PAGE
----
(Photo copyright Thomas Rabsch)
It’s been awhile since we blogged about an oldie but goodie here on TWBITW, so we thought it was high time we give a shout-out to Einstürzende Neubauten. While these German art punks didn’t actually invent industrial music, they probably influenced its development as much as earlier acts like Throbbing Gristle and Cabaret Voltaire–maybe more, actually. Guys like Trent Reznor and Nivek Ogre of Skinny Puppy definitely took a few style tips from Neubauten’s tormented, black-clad frontman, Blixa Bargeld.
Einstürzende Neubauten–whose name means “Collapsing New Buildings”–started in Berlin in 1980, and right away, they brought a scary intensity to their music and their live act that made the British industrial acts seems almost polite by comparison. Blixa and his co-conspirators, N.U. Unruh and Alexander Hacke (the most constant members in a rotating cast), liked using power tools and found objects as percussion, and they sometimes took their use of such objects to some pretty wild extremes. Early Neubauten shows tended to look more like construction sites than rock concerts: band members would drill holes in the stage, set fires, swing huge oil drums suspended on chains out over the audience, maybe do a little arc welding–oh and play some distorted, detuned guitar and yell a lot, too.
Eventually, Einstürzende Neubauten’s sound became a little less chaotic and by the mid ’90s, they were producing records like Ende Neu that employed actual recognizable melodies and instruments–though always with plenty of weird noises created on specially made instruments (like the “bassfeder,” a giant steel spring struck with sticks to create a twangy, bass-like sound) and always with Blixa’s distinctive, cadaverous vocals. But it’s those crazy early live shows and wildly experimental, almost unlistenable albums like 1981′s Kollaps that earn them a spot on The Weird List.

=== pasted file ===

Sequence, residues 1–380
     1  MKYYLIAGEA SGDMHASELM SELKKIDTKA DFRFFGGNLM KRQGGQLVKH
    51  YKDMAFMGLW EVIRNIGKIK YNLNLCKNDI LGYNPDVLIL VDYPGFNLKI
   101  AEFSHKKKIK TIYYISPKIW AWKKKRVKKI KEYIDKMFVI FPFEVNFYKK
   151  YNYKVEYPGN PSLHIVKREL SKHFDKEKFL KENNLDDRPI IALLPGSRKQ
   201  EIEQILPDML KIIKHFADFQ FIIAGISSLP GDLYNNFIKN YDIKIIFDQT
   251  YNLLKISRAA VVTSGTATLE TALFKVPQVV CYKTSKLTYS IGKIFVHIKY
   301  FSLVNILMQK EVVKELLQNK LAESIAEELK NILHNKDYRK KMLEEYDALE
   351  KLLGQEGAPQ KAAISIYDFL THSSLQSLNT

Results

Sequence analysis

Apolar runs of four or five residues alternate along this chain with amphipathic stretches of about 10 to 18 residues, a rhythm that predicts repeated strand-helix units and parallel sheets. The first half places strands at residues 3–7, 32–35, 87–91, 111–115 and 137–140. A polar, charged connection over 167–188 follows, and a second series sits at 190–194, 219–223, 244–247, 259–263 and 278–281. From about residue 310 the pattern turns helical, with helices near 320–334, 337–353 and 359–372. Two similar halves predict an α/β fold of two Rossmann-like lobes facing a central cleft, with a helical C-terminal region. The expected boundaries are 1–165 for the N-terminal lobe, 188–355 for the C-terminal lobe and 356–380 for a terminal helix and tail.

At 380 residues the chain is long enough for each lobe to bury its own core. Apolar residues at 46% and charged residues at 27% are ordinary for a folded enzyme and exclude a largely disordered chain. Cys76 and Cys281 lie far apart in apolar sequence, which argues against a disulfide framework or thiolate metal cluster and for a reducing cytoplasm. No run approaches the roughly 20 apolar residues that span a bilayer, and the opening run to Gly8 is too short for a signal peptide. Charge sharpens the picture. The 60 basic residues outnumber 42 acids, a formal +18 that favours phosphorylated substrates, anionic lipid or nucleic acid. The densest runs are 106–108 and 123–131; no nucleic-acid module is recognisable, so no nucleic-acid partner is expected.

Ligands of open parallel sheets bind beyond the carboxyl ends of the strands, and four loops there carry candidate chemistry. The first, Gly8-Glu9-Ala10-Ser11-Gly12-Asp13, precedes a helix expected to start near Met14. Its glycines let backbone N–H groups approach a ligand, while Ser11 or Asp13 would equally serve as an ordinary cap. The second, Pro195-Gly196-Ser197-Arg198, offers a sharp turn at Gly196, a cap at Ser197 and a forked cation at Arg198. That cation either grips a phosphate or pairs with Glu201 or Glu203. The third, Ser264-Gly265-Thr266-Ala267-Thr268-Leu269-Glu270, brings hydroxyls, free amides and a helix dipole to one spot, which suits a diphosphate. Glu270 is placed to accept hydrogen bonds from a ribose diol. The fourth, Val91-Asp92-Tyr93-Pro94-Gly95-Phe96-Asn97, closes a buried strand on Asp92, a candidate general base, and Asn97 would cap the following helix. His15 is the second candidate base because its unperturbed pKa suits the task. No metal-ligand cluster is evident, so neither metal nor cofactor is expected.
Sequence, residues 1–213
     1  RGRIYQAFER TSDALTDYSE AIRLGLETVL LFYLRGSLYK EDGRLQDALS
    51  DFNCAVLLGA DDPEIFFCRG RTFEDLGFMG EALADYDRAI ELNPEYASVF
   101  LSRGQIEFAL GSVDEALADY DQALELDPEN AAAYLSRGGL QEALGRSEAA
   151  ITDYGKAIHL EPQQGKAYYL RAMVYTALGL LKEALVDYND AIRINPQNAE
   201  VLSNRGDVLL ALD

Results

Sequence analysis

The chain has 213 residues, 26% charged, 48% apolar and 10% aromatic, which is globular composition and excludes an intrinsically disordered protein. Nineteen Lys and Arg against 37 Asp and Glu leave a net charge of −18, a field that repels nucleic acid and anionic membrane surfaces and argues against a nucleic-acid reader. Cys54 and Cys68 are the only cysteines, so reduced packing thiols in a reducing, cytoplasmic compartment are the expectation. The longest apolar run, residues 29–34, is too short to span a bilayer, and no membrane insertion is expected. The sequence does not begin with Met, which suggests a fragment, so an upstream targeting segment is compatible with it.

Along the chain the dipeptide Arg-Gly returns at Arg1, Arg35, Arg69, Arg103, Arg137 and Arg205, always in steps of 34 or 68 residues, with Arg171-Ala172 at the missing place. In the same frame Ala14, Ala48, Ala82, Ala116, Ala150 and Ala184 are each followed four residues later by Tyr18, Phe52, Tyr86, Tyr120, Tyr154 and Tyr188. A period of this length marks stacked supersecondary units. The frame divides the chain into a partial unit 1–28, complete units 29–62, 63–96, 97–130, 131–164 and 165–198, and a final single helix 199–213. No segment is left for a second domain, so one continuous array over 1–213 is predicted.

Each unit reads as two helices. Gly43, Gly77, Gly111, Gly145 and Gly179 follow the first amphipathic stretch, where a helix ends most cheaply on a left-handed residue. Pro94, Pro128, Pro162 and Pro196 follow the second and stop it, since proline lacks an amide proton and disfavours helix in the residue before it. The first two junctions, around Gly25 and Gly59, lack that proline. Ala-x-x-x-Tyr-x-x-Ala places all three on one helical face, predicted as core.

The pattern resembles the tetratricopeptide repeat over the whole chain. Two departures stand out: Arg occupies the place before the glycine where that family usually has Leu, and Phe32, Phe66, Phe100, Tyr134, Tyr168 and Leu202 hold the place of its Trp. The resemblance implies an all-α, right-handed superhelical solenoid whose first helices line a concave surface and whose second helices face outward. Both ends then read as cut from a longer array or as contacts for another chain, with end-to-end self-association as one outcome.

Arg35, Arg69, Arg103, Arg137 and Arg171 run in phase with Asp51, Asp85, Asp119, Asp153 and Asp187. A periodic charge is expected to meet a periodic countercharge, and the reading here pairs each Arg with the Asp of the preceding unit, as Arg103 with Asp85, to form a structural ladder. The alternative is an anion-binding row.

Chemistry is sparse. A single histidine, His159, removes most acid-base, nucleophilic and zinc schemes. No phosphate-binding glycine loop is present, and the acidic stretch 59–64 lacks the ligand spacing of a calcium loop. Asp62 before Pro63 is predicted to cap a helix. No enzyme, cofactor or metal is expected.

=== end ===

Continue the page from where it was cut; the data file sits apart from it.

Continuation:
Speaking of Kollaps: here’s a video
from that album for the Kollaps song “Sehnsucht” from a 1986 film called Halber Mensch, shot while the band was in Japan, that pretty neatly sums up the early Neubauten vibe. (Thanks to reader “tertius” for pointing out the source of this video…our research dept. was clearly falling down on the job when we originally posted it.)
Posted on December 8, 2010, in Uncategorized and tagged avant-garde, blixa bargeld, Einsturzende Neubauten, experimental, industrial, music, musique concrete, noise. Bookmark the permalink. 2 Comments.